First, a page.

The Angel Gabriel and Frank D’Angelo have some surprising things in common. Both are messengers with long flowing hair, both have “angel” in their name and both are friends to the child in the womb.
In fact, Frank could never imagine how anyone could ever think of harming a child. But, some 20 years ago, a schoolmate told him he was taking his girlfriend to Buffalo to have an abortion. It wasn’t until years later that he ran into the abortion issue again from the pro-life side. A decade ago, when he was building his new courier business called :The Messengers,” he would go about knocking on the doors of downtown Toronto offices.
One day he knocked on the door of Toronto Right to Life and was warmly received by Alma Sternik, the secretary. He noticed the colourful wall posters of developing human life and was fascinated. He kept coming back to look at them and Mrs. Sternik kept handing him pro-life materials to read. Gradually he became angrier over the evils of abortion.
Since then he’s participated in Toronto pro-life demonstrations, prayer vigils and pickets, has attended the national annual RTL March in Washington, D.C. for the last five years and has worked with the Ontario Family Coalition Party.
On his pro-life vigour, June Scandiffio, Toronto RTL president, says, “Frank has revived our board with his enthusiasm and energy. I think of him as open arms and generosity.” Indeed she knows. Last May at a RTL board meeting, a group of young Canadians from all aver Canada described a Teen Chastity Program they were presenting in schools across Canada. Impressed, Frank bent over to board secretary, Joan O’Connor and asked her if he should give them some of a donation he had earmarked for RTL. She told him to give it all – and he did.
Last spring, he and his business partner, Andrew Buckingham decided to designate donations from their company’s profits to a needy charity, Rosalie Hall. It is a Toronto home and community centre for young single mothers, which offers accommodation, schooling and day care. Every month “The Messengers” donates 25 cents for every U.S. delivery and 10 cents for every Canadian air delivery.
To keep customers, informed of his company’s charitable donations, Frank writes them a breezy bi-monthly newsletter. Across the bottom of the note is a line of baby bottles. Full bottles represent $100 donations and partially-full ones represent “those on the way.” Recently, a representative from a prestigious Toronto business group wrote, “I am particularly touched by the money you have contributed to the Rosalie Hall Foundation. That is what society should do for the needy and I am proud to be associated with ‘The Messengers.’ Keep up the good work.”
Thirty-eight-year-old Frank was born and raised in Toronto, the fifth child of Italian immigrant parents (who, although elderly now, regularly come to Life Chain). After graduating from high school, he spent three years at university but grew restless and left to sell car insurance. Along the way he married Maggie, who is of Irish background. Of their marriage he says, “We’re a mix of mashed potatoes and pizza.”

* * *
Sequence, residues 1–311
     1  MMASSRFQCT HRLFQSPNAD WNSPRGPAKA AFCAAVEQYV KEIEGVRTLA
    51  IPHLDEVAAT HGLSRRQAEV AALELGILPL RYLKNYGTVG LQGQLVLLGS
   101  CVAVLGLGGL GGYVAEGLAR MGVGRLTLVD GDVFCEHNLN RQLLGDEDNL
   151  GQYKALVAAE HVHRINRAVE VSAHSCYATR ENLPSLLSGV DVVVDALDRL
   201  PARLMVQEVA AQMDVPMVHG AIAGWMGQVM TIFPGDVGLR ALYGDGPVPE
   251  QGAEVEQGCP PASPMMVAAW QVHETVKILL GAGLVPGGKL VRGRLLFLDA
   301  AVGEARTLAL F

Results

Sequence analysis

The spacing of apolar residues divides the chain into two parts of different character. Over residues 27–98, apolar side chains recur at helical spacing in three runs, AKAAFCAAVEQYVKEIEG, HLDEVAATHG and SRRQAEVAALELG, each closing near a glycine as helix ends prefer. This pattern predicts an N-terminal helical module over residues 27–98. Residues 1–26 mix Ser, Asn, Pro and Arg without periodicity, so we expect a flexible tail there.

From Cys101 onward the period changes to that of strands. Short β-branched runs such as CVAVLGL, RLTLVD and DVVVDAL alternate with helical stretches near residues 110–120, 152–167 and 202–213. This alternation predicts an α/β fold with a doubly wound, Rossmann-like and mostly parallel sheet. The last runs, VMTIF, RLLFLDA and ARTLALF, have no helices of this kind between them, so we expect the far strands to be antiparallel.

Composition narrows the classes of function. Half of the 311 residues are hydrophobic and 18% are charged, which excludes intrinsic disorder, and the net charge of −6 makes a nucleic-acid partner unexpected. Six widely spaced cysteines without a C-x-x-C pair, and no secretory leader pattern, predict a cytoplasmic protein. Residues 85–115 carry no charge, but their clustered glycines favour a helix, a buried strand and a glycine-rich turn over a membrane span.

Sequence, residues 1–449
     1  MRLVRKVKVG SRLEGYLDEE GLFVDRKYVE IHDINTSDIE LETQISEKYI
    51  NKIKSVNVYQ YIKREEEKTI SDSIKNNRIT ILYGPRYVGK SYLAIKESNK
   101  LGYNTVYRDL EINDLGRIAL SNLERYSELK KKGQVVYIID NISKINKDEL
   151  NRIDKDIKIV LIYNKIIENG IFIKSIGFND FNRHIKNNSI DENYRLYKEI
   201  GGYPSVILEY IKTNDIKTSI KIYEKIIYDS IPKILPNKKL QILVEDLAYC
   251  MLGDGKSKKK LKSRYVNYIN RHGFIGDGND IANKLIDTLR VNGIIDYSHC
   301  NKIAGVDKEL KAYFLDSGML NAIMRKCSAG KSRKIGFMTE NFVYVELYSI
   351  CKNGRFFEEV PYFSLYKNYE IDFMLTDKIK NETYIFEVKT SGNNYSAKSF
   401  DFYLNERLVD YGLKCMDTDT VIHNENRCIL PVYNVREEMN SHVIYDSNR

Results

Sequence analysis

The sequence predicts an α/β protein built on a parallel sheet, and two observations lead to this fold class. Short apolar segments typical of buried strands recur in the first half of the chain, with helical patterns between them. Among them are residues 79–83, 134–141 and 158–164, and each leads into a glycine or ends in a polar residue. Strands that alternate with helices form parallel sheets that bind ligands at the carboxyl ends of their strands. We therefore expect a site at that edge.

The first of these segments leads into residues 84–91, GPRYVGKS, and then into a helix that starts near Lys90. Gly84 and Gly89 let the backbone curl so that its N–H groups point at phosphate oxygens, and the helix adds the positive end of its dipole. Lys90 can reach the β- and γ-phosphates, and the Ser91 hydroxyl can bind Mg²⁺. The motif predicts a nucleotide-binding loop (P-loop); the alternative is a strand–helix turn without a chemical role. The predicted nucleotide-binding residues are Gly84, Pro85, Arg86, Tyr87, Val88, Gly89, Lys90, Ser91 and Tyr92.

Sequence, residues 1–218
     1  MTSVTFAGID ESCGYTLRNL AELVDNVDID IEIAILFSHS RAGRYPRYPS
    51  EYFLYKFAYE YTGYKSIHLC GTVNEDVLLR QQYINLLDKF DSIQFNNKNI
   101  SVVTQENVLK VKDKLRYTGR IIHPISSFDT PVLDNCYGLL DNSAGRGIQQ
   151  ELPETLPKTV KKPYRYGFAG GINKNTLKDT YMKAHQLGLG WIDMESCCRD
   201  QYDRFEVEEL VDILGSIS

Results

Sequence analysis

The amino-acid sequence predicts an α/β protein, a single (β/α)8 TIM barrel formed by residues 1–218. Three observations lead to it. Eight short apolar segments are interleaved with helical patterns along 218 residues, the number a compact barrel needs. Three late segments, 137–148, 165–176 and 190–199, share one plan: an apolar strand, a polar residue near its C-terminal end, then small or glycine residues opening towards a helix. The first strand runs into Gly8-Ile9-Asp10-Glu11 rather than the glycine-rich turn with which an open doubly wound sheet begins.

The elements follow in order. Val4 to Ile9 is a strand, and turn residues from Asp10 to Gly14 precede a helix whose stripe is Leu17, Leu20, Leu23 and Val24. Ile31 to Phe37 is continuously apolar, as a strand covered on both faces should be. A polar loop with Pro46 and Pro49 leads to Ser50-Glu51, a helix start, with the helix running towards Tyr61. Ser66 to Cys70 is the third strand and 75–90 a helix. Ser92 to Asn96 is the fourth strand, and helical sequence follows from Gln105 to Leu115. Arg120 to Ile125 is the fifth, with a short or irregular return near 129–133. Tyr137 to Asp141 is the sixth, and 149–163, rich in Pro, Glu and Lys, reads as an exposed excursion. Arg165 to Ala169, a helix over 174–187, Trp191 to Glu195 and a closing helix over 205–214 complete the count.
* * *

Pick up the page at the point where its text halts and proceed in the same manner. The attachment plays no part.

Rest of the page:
One day he announced to Maggie that he was going to start his own courier company. She asked what he knew of such a venture and he replied, “Nothing.” Undaunted, with the help of a cousin, he went ahead anyway. Today, ten years later, “The Messengers” employs seventy people from all walks of life.
Couriers who work for “The Messengers” are easily distinguished by their professional attire. “Walkers” and “Drivers” wear ties, dark business suits, and trench coats (to identify with their customers) and drive small cars. Cyclists wear professional racing gear (to identify with a professional racer’s speed and safety). The company office is located a block away from Canada’s busiest financial centre at Bay and King Streets. Most of their customers are large financial institutions (two of Canada’s largest banks), the Toronto Stock Exchange, and major insurance corporation head offices.
More important than his “business smarts,” Frank says he’s a family man at heart who worries about society’s influences on his children. He wants them to grow up pro-life and tries to teach them by example.
Maggie, Frank’s wife of fourteen years, and their daughter, Rina, 13, are more private in their pro-life support. Frank tells about a family friend’s experience with an acquaintance who wanted to have an abortion because her pregnancy was interfering with a favourite sport. Appalled, Frank urged the family friend to tell her that he would offer her whatever kind of help she needed to have her baby. Then Maggie added her bit, “Tell her we’ll adopt her baby.”
Last Christmas, Frank’s flair for innovative ideas surfaced again. He approached CFRB radio and offered them courier service in exchange for radio advertising time for his company. They accepted his offer and he ran an ad borrowed from the U.S. Knights of Columbus that said, “This Christmas remember how it all started. Keep Christ in Christmas – Sponsored by ‘The Messengers.’” Many listeners head it on and over ten motorists called in on their cellular phones to thank Frank for the religious message.
This Christmas he’s running it again, beginning on December 13. It will be heard several times a day for a week. In his soft-spoken voice, he says “It’s nice to remind the secular world about the true meaning of Christmas.”